Heat Wave In the UK Helps Rare Tropical Flamingos Lay Eggs for the First Time in 15 Years
The Gloucestershire reserve from southwest England has six rare birds named Andean flamingos who haven’t been in the mood of laying eggs for the past 15 years! Experts couldn’t believe when they saw that the flamingos were ready to lay eggs.
The Wildfowl and Wetlands Trust have an explanation. It seems that the heatwave in Europe was perfect for the tropical birds to get ready and lay eggs. The mothers started to lay nine eggs, but because they were not fertilized, they didn’t hatch.
“Full Parenting Mode”
However, to keep the birds happy, they game them eggs from the Chilean flamingos watch them hatch, explained Mark Roberts, the aviculture manager at the Slimbridge reserve:
“With the Andeans in full parenting mode, we gave them Chilean chicks to bring up as their own. It’s great motivation and enriching for the birds.”
The reserve hopes that this change in behavior could make the birds willing to lay more eggs, and perhaps one of the birds is fertile.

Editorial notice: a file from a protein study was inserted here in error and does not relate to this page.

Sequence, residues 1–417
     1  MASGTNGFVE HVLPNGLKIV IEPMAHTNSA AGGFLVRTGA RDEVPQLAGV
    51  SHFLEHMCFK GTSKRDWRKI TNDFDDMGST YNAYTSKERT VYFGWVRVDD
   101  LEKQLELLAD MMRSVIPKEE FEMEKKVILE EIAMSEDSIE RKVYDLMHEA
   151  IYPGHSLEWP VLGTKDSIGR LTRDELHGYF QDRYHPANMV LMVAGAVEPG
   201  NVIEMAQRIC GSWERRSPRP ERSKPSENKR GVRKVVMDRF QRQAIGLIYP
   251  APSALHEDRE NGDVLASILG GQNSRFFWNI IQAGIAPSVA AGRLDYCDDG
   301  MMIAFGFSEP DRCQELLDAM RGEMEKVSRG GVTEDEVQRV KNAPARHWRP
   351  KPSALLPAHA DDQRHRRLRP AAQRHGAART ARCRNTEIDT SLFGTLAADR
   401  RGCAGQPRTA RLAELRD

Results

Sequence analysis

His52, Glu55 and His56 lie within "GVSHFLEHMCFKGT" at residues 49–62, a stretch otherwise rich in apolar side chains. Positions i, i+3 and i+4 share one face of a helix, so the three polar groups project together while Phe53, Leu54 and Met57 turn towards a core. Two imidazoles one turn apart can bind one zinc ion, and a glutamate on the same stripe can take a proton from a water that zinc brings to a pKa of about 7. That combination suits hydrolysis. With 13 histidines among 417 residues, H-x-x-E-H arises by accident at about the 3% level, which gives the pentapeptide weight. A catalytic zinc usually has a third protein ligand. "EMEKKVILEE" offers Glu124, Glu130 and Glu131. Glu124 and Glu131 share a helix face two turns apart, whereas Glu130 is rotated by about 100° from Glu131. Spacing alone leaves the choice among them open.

The last successful breeding was back in 1999, and the last time the birds laid eggs was in 2003. Some of the birds at the wildlife reserve in England have been brought in the 1960s, outliving the staff and making them the oldest animals at the reserve.
Even though they’re pretty old, they can breed, but the fertility decreases over the years.
The Lab of Ornithology at Cornell University stated that there are only 38,000 Andean flamingos in the whole world, making them “the rarest species of flamingo,” and a vulnerable bird on the International Union for Conservation of Nature’s Red List.
This year, in the UK, there was record heat in May and then in June, reaching 72.5 degrees Fahrenheit. In Faversham (Kent) it got to a high of 95 degrees Fahrenheit, according to the information from the Met Office National Climate Information Center.
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